Two independent investigators carried out a systematic search in PubMed and Embase databases, with the last search update on December 1, 2014. The following terms were used: “polymorphism OR SNP OR variant”, “allergic rhinitis OR rhinallergosis” and “ADAM33 OR metallopeptidase domain 33”, without any limitation applied. The reference lists of retrieved studies and recent reviews were also manually searched for further relevant studies.

Inclusion and exclusion criteria

Studies in this meta-analysis must meet the following inclusion criteria: (1) evaluation of the association between ADAM33 polymorphisms and AR; (2) case–control study; (3) Frequencies of ADAM33 polymorphisms in the controls must be in the Hardy-Weinberg equilibrium (HWE); (4) detailed genotype data could be acquired to calculate the odds ratios (ORs) and 95% confidence intervals (CI); exclusion criteria: (1) duplication of previous publications; (2) comment, review and editorial; (3) family-based studies of pedigrees; (4) study with no detailed genotype data. When there were multiple publications from the same population, only the largest study was included. The study selection was achieved by two investigators independently, according to the inclusion and exclusion criteria by screening the title, abstract and full-text. Any dispute was solved by discussion.

Data extraction

The data of the eligible studies were extracted in duplicate by two investigators independently. The following contents were collected: the first author, year of publication, country, ethnicity, genotyping methods, total numbers of cases and controls, genotype frequencies in cases and controls for ADAM33 S2, V4, T1, T2 and T+1 genotypes, respectively. Two authors checked the extracted data and reached a consensus on all the data. If dissent existed, they would recheck the original data of the included studies and have a discussion to reach consensus. If the dissent still existed, the third investigator would be involved to adjudicate the disagreements.

Statistics analysis

We conducted our meta-analysis according to the PRISMA checklists and followed the guidelines.11 HWE was evaluated for each study by Chi-square test in control groups, and P<0.05 was considered a significant departure from HWE. Variant genotype frequencies were compared between cases and controls. The OR and 95% CI were calculated to evaluate the strength of the association between ADAM33 SNPs and susceptibility to AR. Between-study heterogeneity was estimated using the χ2-based Q statistic and I2 test. When I2>50% and P<0.1, heterogeneity was considered statistically significant, and random effects model was used to analyse the data subsequently. On the contrary, the fixed effects model was chosen. Sensitivity analysis was also performed to evaluate the effect of each study on the combined ORs by omitting each study in each turn. Potential publication bias was checked by Harbord's test. An asymmetric plot and P<0.05 was considered a significant publication bias. All statistical analyses were performed with Stata 13.1 software (StataCorp, College Station, TX, USA).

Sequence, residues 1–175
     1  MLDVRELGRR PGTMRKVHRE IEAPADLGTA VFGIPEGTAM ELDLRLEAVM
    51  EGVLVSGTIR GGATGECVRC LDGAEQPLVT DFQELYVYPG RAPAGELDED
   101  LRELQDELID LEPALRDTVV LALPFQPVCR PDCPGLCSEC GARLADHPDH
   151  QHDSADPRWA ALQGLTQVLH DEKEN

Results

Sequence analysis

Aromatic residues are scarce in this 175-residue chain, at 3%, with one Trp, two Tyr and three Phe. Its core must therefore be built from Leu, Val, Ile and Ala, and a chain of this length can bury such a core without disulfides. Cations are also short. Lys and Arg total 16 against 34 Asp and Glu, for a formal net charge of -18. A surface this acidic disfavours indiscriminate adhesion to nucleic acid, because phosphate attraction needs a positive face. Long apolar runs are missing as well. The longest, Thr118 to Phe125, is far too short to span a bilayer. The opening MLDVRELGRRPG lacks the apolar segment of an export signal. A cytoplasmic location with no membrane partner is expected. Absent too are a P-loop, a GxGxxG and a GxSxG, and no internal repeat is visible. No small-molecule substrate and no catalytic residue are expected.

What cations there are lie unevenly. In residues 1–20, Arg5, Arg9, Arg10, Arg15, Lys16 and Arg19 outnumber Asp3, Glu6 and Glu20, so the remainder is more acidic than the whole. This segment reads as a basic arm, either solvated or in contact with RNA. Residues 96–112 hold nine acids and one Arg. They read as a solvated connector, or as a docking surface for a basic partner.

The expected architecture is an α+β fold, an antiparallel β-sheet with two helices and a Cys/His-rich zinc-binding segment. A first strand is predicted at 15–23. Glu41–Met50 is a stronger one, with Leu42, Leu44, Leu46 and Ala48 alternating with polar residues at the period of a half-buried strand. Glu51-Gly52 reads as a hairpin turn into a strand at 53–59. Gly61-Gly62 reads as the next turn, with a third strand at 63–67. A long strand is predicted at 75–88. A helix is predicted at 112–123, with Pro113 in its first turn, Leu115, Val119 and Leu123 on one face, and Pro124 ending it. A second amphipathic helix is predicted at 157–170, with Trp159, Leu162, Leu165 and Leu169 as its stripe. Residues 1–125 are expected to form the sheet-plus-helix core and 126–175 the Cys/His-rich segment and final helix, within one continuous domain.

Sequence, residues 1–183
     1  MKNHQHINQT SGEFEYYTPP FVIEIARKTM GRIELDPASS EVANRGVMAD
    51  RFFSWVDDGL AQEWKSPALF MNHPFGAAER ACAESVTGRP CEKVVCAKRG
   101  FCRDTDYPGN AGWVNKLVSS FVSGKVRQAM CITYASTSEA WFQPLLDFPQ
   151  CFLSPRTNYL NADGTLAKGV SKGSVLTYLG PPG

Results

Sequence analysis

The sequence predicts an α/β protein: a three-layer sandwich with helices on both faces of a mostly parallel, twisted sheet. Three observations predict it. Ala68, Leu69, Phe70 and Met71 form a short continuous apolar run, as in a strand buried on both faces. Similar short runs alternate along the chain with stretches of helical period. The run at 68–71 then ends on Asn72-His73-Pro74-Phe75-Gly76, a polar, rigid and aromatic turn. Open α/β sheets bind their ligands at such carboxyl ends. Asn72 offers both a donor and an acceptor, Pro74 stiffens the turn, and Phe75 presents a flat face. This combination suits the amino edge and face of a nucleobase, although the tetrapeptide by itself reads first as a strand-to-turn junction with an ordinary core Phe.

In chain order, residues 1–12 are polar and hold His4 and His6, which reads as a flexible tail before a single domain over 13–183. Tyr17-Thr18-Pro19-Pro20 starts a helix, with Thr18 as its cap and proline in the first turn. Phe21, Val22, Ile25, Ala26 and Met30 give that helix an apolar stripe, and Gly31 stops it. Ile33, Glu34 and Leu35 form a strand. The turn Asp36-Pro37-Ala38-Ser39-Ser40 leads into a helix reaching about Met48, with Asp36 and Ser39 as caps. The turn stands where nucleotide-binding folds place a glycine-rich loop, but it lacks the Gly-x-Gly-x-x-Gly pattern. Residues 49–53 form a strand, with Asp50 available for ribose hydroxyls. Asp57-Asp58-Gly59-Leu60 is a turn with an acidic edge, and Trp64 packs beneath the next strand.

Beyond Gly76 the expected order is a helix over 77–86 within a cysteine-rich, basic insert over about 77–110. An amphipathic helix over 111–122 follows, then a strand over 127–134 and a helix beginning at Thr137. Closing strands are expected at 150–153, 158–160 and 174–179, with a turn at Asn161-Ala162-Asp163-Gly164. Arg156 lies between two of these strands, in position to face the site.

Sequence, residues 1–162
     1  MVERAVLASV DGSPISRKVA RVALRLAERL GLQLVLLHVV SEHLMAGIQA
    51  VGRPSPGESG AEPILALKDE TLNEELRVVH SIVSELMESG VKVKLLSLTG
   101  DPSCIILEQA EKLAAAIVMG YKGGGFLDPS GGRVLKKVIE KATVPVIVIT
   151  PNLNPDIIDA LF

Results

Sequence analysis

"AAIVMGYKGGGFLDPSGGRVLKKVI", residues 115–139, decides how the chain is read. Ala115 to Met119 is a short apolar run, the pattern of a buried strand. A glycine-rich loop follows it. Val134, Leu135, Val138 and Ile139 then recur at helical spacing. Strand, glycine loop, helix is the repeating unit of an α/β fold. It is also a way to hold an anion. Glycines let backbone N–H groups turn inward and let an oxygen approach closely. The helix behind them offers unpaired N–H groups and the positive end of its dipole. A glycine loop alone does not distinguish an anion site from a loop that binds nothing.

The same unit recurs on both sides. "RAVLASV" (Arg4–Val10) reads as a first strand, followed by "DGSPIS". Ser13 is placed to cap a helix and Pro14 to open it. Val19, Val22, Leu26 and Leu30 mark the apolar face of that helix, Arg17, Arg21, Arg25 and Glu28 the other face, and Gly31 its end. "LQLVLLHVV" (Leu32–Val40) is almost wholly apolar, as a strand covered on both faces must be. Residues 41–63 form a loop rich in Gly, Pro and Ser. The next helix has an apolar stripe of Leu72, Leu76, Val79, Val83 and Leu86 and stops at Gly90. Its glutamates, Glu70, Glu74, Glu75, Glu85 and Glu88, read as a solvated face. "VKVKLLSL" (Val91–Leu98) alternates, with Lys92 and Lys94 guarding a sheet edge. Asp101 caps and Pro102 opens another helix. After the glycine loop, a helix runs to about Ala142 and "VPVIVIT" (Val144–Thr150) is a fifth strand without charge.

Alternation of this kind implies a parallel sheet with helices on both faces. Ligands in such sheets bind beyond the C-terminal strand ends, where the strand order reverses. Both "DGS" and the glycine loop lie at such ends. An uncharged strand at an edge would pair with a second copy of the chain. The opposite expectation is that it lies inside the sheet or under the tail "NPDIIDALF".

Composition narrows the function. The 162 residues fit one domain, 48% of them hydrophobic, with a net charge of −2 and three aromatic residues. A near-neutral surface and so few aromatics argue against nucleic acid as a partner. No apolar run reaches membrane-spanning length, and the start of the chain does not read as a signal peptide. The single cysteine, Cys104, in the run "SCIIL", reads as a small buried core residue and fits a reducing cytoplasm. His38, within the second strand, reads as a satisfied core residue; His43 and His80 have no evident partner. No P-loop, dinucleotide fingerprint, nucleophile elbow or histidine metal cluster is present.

ResultsCharacteristics of studies

Following the search strategy, 21 potentially relevant studies were retrieved. According to the inclusion criteria, five studies6–10 with full-text were included into this meta-analysis and 16 studies were excluded. These studies included 1251 AR cases and 1634 healthy controls. Different genotyping methods were utilised including polymerase chain reaction–restriction fragment length polymorphism (PCR–RFLP) and TaqMan, polymerase chain reaction–ligation detection reaction (LDR–PCR). The genotyping distribution was in agreement with HWE in all studies. The characteristics of each study are shown in Table 1.

Table 1.

Characteristics of studies included in the meta-analysis.

Study ID  Year  Country  Ethnicity  CaseControlP for HWE  Genotyping methods 
T1 A>G        AA  AG  GG  AA  AG  GG     
Cheng  2004  Japan  Asian  86  66  29  0.079  PCR-RFLP 
Zhang  2009  China  Asian  45  59  31  117  29  0.073  PCR-RFLP 
Miyake  2012  Japan  Asian  292  91  10  560  188  19  0.499  LDR-PCR 
Zihlif  2013  Jordan  Asian  66  49  86  37  0.686  PCR-RFLP 
Chen  2014  China  Asian  416  90  403  63  0.782  LDR-PCR 
T2 G>A        GG  GA  AA  GG  GA  AA     
Cheng  2004  Japan  Asian  85  62  32  0.154  PCR-RFLP 
Zhang  2009  China  Asian  71  56  139  12  0.611  PCR-RFLP 
Miyake  2012  Japan  Asian  284  99  541  208  18  0.704  LDR-PCR 
Zihlif  2013  Jordan  Asian  64  51  84  39  0.859  PCR-RFLP 
Chen  2014  China  Asian  406  88  11  394  85  0.332  LDR-PCR 
T+1 G>A        GG  GA  AA  GG  GA  AA     
Cheng  2004  Japan  Asian  86  67  28  0.092  PCR-RFLP 
Zhang  2009  China  Asian  113  22  110  41  0.054  PCR-RFLP 
Miyake  2012  Japan  Asian  295  87  11  562  184  21  0.211  LDR-PCR 
Zihlif  2013  Jordan  Asian  66  49  86  37  0.686  PCR-RFLP 
S2 C>G        CC  CG  GG  CC  CG  GG     
Cheng  2004  Japan  Asian  25  65  42  46  0.536  PCR-RFLP